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JETHRO AND THE JUMBIE

"Tom? It have my birthday next week," Caribbean islander Jethro reminds his older brother. But Thomas, who had promised to take Jethro fishing when the little boy turned eight, now says "You not big enough, man. How could tell that you wouldn't grow none? Got to be big to help haul them fishpots. Muscle." Well, this makes Jethro so mad that he marches right through the woods on the fearsome jumbie trail; and even when he sees a jumbie—a sort of ghost in the form of a fuzzy ball of light—he speaks right up and tells it, "You don't scare me none. You not real." In a central episode which suggests that Tinker Bell has come to the islands, the fading, sobbing jumble confesses to its dependence on being believed in, and Jethro relents. In return, the jumble gives Thomas a dream that changes his mind about taking Jethro fishing. "Sometimes things that ain't real can be a whole big help to people that are," says Jethro. On the jacket flap Cooper says that she wanted to remind children of the "music and vitality of regional language." The idiomatic speech and other regional touches give the well-made little story some color, though like the jumbie it lacks the fullness of life that would convince you it's real.

Pub Date: Oct. 19, 1980

ISBN: 0689501404

Page Count: 36

Publisher: Atheneum

Review Posted Online: Oct. 27, 2011

Kirkus Reviews Issue: Oct. 1, 1980

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TALES FOR VERY PICKY EATERS

Broccoli: No way is James going to eat broccoli. “It’s disgusting,” says James. Well then, James, says his father, let’s consider the alternatives: some wormy dirt, perhaps, some stinky socks, some pre-chewed gum? James reconsiders the broccoli, but—milk? “Blech,” says James. Right, says his father, who needs strong bones? You’ll be great at hide-and-seek, though not so great at baseball and kickball and even tickling the dog’s belly. James takes a mouthful. So it goes through lumpy oatmeal, mushroom lasagna and slimy eggs, with James’ father parrying his son’s every picky thrust. And it is fun, because the father’s retorts are so outlandish: the lasagna-making troll in the basement who will be sent back to the rat circus, there to endure the rodent’s vicious bites; the uneaten oatmeal that will grow and grow and probably devour the dog that the boy won’t be able to tickle any longer since his bones are so rubbery. Schneider’s watercolors catch the mood of gentle ribbing, the looks of bewilderment and surrender and the deadpanned malarkey. It all makes James’ father’s last urging—“I was just going to say that you might like them if you tried them”—wholly fresh and unexpected advice. (Early reader. 5-9)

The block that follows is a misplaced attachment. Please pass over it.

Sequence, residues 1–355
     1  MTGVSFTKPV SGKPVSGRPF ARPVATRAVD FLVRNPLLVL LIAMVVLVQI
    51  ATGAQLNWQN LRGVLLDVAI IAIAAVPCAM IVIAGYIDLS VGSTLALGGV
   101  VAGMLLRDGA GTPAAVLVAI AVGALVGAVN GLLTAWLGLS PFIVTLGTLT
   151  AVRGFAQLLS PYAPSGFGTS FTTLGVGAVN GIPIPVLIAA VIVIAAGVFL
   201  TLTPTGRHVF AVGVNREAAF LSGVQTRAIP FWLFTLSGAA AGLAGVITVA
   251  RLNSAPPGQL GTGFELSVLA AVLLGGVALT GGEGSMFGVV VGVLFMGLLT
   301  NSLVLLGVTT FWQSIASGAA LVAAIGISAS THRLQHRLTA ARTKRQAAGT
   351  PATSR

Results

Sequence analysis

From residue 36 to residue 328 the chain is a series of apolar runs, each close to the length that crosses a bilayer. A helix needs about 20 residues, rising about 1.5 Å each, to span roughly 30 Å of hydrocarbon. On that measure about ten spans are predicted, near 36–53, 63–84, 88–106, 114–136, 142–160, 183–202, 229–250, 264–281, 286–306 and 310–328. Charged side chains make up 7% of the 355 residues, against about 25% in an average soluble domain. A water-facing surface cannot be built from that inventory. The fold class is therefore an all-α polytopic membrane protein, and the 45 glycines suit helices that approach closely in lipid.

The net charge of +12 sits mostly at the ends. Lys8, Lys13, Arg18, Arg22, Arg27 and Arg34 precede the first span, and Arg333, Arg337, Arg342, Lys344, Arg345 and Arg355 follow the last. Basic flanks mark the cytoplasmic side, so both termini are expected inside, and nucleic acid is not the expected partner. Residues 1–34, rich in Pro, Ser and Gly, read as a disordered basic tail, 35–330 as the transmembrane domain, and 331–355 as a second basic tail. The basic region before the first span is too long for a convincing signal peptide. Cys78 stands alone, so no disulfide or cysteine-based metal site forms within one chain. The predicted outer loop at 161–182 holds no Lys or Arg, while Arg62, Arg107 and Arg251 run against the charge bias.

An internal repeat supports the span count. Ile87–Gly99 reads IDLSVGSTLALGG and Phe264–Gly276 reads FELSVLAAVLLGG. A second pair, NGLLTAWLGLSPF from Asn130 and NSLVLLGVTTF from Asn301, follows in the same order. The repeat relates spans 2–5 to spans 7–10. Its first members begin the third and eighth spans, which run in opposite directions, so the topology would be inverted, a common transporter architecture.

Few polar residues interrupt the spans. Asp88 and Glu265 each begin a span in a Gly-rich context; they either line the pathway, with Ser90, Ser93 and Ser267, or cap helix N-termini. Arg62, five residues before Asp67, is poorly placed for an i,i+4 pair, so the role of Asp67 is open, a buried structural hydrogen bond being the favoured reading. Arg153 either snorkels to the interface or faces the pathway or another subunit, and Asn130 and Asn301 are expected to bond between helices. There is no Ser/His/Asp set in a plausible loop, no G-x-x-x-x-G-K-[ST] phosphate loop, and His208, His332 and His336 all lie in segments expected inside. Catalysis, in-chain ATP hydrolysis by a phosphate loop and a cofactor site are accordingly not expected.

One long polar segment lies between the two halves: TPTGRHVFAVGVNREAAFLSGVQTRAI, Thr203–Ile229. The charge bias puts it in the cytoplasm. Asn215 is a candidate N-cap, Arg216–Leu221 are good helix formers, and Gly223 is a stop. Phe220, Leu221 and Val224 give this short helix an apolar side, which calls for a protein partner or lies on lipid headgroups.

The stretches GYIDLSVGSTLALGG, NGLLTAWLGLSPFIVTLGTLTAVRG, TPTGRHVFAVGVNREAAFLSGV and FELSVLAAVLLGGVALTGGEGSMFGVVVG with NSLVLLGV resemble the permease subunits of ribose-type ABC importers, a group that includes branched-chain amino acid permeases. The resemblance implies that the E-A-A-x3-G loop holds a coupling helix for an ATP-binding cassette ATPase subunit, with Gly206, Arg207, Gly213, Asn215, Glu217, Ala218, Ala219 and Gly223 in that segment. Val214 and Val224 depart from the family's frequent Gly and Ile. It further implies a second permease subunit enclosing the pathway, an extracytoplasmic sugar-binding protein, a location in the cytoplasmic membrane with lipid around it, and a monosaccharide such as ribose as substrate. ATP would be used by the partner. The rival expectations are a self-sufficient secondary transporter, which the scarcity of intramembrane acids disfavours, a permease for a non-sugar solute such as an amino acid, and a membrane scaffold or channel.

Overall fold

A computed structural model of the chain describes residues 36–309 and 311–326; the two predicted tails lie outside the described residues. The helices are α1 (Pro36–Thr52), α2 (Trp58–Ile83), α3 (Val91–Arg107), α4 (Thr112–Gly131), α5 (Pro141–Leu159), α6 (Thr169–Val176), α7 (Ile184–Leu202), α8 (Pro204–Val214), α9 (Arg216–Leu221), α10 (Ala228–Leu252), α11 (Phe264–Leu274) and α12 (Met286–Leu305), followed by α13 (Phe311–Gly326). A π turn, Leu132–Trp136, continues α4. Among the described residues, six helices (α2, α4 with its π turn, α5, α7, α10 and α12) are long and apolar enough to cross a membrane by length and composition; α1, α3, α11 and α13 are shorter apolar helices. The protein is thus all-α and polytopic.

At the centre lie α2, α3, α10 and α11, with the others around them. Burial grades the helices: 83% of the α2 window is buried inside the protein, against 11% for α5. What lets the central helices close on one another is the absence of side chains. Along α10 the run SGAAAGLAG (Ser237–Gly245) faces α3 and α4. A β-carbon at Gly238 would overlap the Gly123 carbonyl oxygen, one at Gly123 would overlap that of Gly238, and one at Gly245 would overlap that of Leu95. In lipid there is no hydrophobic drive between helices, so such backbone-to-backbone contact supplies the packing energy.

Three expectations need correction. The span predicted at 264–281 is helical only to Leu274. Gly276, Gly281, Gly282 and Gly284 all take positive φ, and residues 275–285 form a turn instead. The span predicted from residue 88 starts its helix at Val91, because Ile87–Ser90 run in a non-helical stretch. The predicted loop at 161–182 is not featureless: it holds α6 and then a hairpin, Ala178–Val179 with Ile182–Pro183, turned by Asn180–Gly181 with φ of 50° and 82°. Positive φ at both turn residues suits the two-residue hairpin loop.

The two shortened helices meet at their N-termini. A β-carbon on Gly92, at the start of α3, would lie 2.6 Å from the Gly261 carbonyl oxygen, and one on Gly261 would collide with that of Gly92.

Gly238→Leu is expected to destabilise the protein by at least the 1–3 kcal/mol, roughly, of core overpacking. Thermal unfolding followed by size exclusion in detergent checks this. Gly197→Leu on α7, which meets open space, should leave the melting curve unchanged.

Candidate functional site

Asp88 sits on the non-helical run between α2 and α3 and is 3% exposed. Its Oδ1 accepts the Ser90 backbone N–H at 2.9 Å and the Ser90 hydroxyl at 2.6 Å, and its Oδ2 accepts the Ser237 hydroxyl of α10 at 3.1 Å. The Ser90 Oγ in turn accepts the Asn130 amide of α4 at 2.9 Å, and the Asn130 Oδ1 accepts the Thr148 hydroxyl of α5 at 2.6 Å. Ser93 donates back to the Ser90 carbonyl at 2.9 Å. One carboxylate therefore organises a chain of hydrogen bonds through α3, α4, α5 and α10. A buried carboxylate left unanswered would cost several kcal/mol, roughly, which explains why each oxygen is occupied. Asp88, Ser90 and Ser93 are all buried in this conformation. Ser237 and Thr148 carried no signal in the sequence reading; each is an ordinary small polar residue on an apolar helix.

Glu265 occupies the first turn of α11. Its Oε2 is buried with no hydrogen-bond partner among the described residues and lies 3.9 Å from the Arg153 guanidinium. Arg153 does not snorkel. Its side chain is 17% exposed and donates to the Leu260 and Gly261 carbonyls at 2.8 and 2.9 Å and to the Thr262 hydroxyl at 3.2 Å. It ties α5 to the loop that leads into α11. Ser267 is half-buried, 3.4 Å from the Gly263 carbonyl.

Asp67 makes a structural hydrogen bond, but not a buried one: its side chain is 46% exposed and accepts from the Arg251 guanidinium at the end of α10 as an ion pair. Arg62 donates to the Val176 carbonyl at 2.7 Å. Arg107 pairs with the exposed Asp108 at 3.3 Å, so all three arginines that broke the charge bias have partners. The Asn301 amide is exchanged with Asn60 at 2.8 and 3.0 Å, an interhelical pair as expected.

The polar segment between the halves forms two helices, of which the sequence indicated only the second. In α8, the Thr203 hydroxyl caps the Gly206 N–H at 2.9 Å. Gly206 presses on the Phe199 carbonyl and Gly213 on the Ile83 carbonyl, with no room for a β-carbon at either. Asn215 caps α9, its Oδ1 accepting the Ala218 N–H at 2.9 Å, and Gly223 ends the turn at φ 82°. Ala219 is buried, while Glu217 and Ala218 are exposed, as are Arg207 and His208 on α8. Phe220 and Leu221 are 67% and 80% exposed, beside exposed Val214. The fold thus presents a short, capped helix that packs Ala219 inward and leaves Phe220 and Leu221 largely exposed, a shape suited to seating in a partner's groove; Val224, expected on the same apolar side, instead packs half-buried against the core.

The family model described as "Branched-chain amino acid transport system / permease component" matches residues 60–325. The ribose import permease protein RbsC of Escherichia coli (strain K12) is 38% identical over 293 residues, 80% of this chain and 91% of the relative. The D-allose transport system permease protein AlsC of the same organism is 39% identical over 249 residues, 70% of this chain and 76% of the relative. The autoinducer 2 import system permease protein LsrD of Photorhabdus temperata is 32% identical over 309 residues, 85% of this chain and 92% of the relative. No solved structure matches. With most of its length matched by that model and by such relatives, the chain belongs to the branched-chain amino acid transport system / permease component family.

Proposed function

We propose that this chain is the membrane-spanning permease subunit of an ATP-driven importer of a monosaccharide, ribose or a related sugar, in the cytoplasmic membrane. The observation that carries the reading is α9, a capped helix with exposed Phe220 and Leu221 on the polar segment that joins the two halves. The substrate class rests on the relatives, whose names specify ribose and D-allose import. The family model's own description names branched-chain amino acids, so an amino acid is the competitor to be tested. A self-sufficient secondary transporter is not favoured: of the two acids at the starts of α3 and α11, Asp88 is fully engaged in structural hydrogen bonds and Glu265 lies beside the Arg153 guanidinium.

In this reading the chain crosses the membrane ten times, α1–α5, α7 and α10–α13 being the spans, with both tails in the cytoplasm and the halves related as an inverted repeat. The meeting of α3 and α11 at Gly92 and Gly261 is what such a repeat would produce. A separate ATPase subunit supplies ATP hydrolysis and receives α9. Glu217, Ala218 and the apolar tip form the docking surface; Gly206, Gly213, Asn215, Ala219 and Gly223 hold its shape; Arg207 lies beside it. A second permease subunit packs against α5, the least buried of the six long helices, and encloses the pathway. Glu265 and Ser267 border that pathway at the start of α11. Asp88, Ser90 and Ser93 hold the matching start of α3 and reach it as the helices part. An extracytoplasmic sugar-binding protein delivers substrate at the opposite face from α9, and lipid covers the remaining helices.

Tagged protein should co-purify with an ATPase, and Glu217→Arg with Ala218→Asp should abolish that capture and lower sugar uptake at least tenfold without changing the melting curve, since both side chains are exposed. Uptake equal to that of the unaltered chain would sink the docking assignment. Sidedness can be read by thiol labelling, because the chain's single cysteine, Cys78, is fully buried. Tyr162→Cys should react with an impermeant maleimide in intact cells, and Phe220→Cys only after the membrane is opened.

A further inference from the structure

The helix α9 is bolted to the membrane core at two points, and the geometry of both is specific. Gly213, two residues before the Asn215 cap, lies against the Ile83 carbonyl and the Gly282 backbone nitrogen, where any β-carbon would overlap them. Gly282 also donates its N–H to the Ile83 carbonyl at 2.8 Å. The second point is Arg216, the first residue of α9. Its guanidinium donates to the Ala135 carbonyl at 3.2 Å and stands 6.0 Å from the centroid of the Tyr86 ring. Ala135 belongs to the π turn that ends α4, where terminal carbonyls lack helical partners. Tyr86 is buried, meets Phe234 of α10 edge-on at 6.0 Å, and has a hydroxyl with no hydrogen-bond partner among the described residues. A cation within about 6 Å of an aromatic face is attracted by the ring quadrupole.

Pub Date: May 1, 2011

ISBN: 978-0-547-14956-1

Page Count: 48

Publisher: Clarion Books

Review Posted Online: April 4, 2011

Kirkus Reviews Issue: April 1, 2011

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BECAUSE I HAD A TEACHER

A sweet, soft conversation starter and a charming gift.

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A paean to teachers and their surrogates everywhere.

This gentle ode to a teacher’s skill at inspiring, encouraging, and being a role model is spoken, presumably, from a child’s viewpoint. However, the voice could equally be that of an adult, because who can’t look back upon teachers or other early mentors who gave of themselves and offered their pupils so much? Indeed, some of the self-aware, self-assured expressions herein seem perhaps more realistic as uttered from one who’s already grown. Alternatively, readers won’t fail to note that this small book, illustrated with gentle soy-ink drawings and featuring an adult-child bear duo engaged in various sedentary and lively pursuits, could just as easily be about human parent- (or grandparent-) child pairs: some of the softly colored illustrations depict scenarios that are more likely to occur within a home and/or other family-oriented setting. Makes sense: aren’t parents and other close family members children’s first teachers? This duality suggests that the book might be best shared one-on-one between a nostalgic adult and a child who’s developed some self-confidence, having learned a thing or two from a parent, grandparent, older relative, or classroom instructor.

A sweet, soft conversation starter and a charming gift. (Picture book. 4-7)

Pub Date: March 1, 2017

ISBN: 978-1-943200-08-5

Page Count: 32

Publisher: Compendium

Review Posted Online: Dec. 13, 2016

Kirkus Reviews Issue: Jan. 1, 2017

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